US 20070258659 A1 Abstract A method of representing an object appearing in a still or video image, by processing signals corresponding to the image, comprises deriving the peak values in CSS space for the object outline and applying a non-linear transformation to said peak values to arrive at a representation of the outline.
Claims(6) 1. A method of representing an object appearing in an image or a sequence of images, by processing signals corresponding to the image, the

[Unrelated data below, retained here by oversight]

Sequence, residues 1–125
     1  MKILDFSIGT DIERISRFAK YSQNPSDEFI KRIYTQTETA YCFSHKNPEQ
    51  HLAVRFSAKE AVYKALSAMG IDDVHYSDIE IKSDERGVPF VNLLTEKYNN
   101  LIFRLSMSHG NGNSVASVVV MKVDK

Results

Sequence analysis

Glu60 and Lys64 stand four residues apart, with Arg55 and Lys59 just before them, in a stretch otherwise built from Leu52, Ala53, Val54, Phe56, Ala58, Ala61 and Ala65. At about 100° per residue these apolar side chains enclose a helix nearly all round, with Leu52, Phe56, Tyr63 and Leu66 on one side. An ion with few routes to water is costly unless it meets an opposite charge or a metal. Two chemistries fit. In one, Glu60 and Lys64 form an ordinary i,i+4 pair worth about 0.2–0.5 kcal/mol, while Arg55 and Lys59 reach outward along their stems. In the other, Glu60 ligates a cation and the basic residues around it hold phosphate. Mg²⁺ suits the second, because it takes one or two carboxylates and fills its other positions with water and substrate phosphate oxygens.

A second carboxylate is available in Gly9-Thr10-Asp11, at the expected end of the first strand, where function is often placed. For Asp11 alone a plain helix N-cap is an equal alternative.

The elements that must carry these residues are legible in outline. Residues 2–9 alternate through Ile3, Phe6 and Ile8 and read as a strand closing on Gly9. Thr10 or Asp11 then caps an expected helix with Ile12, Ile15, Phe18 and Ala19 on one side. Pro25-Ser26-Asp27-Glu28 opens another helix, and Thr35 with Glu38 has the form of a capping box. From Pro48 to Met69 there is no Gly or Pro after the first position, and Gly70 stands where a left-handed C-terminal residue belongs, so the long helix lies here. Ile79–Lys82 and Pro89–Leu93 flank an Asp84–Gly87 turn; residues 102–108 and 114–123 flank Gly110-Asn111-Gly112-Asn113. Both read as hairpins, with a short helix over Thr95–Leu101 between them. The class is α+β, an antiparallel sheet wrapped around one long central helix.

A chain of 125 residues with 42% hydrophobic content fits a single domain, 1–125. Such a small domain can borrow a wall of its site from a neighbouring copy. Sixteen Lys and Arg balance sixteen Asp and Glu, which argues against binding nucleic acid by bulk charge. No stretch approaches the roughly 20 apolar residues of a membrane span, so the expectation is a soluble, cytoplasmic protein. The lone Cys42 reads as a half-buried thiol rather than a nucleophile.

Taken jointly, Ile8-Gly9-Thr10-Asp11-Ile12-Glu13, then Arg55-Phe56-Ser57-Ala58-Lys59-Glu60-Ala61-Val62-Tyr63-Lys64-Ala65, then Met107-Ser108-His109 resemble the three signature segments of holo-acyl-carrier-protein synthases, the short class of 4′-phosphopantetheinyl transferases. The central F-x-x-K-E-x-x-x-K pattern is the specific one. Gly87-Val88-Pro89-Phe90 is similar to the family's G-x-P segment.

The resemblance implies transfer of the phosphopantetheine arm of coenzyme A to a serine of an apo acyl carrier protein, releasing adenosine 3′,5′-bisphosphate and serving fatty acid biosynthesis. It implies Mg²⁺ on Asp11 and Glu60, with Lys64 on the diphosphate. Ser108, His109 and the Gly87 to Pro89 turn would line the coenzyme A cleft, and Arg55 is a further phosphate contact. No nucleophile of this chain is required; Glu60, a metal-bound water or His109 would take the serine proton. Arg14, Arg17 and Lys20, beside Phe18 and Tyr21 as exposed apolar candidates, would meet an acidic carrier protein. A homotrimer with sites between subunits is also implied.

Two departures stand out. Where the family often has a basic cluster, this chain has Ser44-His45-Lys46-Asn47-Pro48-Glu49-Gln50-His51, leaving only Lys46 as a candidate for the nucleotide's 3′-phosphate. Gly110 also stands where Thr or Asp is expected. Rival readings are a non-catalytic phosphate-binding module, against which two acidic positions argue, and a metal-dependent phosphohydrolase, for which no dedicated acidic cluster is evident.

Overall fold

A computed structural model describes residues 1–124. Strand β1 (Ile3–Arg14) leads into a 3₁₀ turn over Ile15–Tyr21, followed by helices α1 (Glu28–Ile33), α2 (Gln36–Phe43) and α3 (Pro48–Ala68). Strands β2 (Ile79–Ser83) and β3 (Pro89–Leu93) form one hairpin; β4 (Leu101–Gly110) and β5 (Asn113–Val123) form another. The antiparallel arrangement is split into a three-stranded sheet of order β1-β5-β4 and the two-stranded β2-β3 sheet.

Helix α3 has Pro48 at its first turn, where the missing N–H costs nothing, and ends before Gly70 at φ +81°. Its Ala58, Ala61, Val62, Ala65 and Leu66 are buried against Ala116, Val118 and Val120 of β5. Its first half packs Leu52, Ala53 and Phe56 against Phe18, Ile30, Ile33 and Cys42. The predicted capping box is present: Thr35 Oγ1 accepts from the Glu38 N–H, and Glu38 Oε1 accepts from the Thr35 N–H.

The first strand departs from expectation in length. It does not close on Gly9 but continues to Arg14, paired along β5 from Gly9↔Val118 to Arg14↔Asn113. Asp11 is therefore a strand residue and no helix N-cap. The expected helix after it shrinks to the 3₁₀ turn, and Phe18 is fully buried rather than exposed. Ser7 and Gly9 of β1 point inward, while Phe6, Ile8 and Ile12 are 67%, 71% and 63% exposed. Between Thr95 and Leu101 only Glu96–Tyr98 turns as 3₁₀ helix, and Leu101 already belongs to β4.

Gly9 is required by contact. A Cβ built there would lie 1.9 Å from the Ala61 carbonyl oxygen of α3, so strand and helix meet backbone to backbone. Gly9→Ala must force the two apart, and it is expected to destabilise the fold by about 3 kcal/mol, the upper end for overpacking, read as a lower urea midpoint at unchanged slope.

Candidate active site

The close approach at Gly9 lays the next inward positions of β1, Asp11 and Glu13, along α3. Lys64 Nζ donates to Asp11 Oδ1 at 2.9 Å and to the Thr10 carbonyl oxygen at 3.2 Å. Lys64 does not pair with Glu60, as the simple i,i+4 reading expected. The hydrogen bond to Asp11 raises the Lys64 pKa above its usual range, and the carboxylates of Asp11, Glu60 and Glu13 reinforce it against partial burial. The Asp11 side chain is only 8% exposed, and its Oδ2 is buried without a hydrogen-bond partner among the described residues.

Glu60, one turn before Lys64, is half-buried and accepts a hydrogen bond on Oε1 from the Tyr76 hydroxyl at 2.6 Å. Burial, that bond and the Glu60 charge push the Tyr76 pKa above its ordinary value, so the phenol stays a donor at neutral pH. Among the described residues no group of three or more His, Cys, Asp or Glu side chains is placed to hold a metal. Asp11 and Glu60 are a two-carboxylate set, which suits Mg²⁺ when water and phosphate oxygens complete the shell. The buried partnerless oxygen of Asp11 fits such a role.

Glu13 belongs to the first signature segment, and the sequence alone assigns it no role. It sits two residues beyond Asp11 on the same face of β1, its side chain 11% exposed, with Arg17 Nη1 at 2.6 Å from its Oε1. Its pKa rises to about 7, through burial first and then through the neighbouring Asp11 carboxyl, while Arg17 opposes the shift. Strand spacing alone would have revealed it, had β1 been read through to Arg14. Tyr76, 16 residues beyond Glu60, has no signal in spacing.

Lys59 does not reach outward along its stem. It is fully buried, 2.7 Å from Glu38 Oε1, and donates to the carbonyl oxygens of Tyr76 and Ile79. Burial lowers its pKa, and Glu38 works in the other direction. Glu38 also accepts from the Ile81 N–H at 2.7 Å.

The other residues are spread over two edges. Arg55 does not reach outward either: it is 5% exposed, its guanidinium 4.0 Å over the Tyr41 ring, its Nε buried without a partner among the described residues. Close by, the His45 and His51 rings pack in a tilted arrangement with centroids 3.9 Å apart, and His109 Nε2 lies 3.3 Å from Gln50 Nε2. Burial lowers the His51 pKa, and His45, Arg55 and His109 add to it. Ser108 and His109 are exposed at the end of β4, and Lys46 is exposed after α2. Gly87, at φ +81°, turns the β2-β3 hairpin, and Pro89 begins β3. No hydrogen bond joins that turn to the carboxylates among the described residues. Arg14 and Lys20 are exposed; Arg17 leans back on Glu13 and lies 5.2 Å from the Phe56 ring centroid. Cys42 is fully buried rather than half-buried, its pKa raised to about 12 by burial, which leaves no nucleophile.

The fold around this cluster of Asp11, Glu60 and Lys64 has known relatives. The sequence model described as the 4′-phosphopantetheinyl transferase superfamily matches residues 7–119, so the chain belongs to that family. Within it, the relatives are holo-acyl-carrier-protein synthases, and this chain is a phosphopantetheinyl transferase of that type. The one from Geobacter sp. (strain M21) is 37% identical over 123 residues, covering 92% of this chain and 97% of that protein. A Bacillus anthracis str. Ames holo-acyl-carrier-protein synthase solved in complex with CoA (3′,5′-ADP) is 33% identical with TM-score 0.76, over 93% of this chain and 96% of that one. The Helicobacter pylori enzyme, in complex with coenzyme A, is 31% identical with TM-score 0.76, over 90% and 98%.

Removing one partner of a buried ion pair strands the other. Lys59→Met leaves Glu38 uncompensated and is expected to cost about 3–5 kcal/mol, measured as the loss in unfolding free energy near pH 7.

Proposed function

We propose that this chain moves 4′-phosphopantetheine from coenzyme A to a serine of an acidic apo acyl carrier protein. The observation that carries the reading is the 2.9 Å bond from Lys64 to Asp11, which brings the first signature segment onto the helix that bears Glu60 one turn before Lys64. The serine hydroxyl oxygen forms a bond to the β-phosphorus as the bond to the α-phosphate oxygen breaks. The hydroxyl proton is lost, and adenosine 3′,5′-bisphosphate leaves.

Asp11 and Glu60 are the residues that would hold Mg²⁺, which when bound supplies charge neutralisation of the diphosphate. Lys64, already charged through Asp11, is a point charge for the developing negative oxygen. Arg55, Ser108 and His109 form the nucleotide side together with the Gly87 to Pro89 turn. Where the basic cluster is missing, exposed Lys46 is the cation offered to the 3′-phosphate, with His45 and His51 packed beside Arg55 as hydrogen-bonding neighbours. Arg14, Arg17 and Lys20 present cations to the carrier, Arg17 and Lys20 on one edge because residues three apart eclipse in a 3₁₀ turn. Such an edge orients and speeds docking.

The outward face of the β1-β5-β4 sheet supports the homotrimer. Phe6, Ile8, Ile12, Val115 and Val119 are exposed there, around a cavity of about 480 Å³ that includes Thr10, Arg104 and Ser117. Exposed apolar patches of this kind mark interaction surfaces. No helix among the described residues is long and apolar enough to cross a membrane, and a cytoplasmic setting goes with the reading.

method comprising deriving a plurality of co-ordinate values for peaks of the outline of the object in curvature scale space on the basis of the signals and applying a transformation to said co-ordinate values to arrive at a representation of the outline, wherein said transformation is in the form of z′=a pow(z,b)+c, where a, b and c are constants and pow (z,b) denotes z to the power b. 2. A method for searching for an object in an image or sequence of images by processing signals corresponding to images, the method comprising inputting a query in the form of a two-dimensional outline,